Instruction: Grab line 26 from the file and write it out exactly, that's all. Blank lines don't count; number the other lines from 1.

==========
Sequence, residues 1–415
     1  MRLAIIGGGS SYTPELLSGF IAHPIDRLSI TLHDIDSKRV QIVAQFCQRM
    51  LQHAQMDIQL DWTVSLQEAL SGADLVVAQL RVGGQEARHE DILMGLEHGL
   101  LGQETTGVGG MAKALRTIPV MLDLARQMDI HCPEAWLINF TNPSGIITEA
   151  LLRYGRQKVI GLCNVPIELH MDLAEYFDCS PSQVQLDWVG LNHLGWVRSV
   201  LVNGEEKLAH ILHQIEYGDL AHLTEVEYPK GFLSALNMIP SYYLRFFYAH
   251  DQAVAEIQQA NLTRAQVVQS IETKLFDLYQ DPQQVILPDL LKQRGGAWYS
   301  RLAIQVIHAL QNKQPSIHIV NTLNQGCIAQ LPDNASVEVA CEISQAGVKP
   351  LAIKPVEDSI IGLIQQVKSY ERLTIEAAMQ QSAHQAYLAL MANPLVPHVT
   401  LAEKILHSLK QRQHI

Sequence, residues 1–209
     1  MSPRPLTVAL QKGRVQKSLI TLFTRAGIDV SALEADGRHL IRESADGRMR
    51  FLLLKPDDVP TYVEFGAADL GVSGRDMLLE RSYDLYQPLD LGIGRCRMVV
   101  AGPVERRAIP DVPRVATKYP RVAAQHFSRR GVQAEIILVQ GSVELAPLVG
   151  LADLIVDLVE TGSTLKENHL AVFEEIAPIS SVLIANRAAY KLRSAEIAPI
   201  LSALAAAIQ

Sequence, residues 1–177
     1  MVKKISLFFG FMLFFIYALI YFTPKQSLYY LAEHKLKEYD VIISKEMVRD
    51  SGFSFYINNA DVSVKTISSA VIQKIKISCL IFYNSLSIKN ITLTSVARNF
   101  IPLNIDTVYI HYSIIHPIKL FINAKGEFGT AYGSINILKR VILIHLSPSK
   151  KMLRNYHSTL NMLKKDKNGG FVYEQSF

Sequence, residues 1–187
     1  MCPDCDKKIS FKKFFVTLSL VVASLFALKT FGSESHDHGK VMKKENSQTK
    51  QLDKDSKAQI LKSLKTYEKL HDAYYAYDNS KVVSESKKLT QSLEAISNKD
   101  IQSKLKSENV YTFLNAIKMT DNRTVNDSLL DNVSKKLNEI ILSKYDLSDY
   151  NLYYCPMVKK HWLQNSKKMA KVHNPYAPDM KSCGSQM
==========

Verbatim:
   151  NLYYCPMVKK HWLQNSKKMA KVHNPYAPDM KSCGSQM